The SC has appreciated what the government did.
• It also appreciated the fact that there was transparency, there was difference of opinions, and open discussion.
Absolutely. I think that it is a model, really. At the level of the empowered GoM when these matters surfaced there was remarkable commonality of views on one thing: what we do has to be defensible. If there’s disagreement at lower levels it’s not that a political decision was imposed but a higher-level technical committee was set up.
• So again we have a situation where a minister, albeit a junior minister, relatively, has been able to push change in one way.
I think there’s been totally fresh thinking. You see Mumbai, Delhi, Hyderabad, Bangalore run by the private operators and the possibility of Kolkata and Chennai coming up. We don’t know how that will go.
• You don’t know how Kolkata will go?
Yes. There’s no disagreement on the Chennai front. But let’s hope that it moves quickly.
• Otherwise you see a real problem with the eastern sea board getting left out. You have Bombay, Delhi, Bangalore, Hyderabad, somewhere in the centre, Cochin. All this activity happening on the western side and the east getting left out.
Not because of central government.
• Because of complex politics?
I’m sure that’s exactly the nature of the regional competitive forces. The truth is that airline traffic into India is going to expand and airlines are going to end up going wherever the airports are good.
• Also air cargo, because that is linked to economic development.
I agree, but those are areas where we are certainly not still fighting the same battles that we were two years ago. The inter-ministerial agreements are in place, we’ve had discussions with chief ministers. I find there is wide agreement among states that PPP in building infrastructure is perfectly acceptable.
• Rajasthan and Uttar Pradesh have done a marvelous job.
And it’s not just road. In Punjab, in Amritsar, they’ve done a public private partnership on a bus terminal.
• Tell us about your disappointments in two and a half years.
I wouldn’t call them disappointments. Let’s say, areas where we need to make a major breakthrough. Agriculture. It has decelerated over several years. We are not yet in agriculture where we can say now there’s a consensus on what to do, but by the time the 11th document is produced, we will have a new approach.
• So that’s the new focus now?
That and the business of how to get the social sectors, that is health and education, off the ground. I would say on education, on primary education, the government has done a pretty good job. You will find problems here and there. But if you look at the enrolment numbers in primary schools, we are really up to 70 per cent now.
• The problem is higher education right now?
Higher education is a problem. What has happened is we suddenly realised that if the economy is now growing at 8 per cent, and could grow at 9 per cent, the skills the economy needs will become a constraint.
• It’s a question I ask all my economist friends: why are they so conservative talking about good numbers? When a government economist tells you 8 per cent, it’s always 8.3, 8.4.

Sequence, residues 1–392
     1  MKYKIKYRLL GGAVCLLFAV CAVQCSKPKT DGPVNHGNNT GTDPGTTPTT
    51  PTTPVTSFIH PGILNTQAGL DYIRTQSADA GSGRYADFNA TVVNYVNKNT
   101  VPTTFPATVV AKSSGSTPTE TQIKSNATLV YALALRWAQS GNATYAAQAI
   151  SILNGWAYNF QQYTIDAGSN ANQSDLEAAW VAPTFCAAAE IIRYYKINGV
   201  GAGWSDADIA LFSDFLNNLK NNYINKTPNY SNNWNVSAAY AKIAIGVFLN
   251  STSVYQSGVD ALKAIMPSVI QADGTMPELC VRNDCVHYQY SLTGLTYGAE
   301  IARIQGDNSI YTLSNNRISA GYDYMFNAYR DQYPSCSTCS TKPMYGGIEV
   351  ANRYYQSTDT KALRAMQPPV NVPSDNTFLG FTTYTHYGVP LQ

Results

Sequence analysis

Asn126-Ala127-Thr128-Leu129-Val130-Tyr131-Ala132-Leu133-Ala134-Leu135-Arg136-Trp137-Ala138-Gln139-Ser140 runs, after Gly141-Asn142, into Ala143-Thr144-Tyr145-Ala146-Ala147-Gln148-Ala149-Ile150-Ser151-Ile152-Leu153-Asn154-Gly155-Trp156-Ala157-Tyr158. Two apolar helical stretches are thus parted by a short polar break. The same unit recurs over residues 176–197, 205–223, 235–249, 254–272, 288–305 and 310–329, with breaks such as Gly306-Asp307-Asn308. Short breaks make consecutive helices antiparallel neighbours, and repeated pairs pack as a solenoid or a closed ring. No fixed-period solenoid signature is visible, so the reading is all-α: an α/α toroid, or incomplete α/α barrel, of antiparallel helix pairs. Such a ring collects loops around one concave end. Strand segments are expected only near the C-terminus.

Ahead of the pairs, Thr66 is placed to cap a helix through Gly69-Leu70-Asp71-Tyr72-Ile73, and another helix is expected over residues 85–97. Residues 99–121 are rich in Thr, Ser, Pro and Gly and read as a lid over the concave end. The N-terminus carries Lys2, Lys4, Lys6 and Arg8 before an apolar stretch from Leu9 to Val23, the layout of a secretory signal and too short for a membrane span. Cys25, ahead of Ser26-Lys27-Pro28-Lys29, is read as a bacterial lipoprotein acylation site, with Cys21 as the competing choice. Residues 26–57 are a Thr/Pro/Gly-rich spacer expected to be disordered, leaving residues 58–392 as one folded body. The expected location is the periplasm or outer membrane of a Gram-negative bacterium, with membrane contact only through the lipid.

That would be the one thing I would be happiest to be wrong on. Nobody will be happier than me if we do better than 9 per cent but my point is that setting up institutions, these are things which create whole cultures. And it’s only in the last three years when we’ve begun to say 8 per cent is normal. Now we are talking about 9 per cent. It’s really urgent that we do something on higher education. Both in health and education the real concern is, are we sure that the system is sufficiently reformed or is it just a matter of throwing money into it. Frankly I think you have to do both. We have to start putting the money in. I don’t think we can wait until the system is reformed.
• As Americans would have said, is the HRD ministry on the same page as you and others on this?
Well, the HRD minister is very sensitive to the fact that we need to expand the system. He also fully recognises the need to improve quality. But a lot of this is not in the central government’s hand. Political control over most universities is exercised by state governments. Unionisation in higher education personnel is a major impediment. When you talk to students unions, I am not sure that they are arguing for the kinds of things that are oriented towards educational reform. They are certainly interested in keeping fees low. At the present moment about 8-9 per cent of the population gets into higher education. This is the creme de la creme, so how much subsidy can you justify for it? At the same time, you need a lot of merit scholarships.
• Indian politics in 2003 had become BSP - bijli, sadak, paani. Now it is becoming BSPPN - bijli, sadak, paani, padhai, naukri.
What about swasthya, health? That’s important too.
• Maybe not in politics. Maybe the voter is not demanding so much of it. But maybe he will. He is getting sensitised by dengue and other things.
If you don’t improve the health status of children you won’t improve their nutritional status and if you don’t do that, their learning ability. Between ages 0-3, poor nutrition can permanently impair the learning ability. So education and health are very closely related.
• So are these issues that will occupy your mind in the second half - agriculture, education, health?
On agriculture we know what needs to be done. A lot of it has to do with putting more investment into water management, supporting the diversification of agriculture, building new marketing systems.
• So two and a half years to go, you may feel like a batsman in the 26th over of a 56 over match - the slog overs are coming. Wish you all the best. I hope you get to your targets. Thank you very much.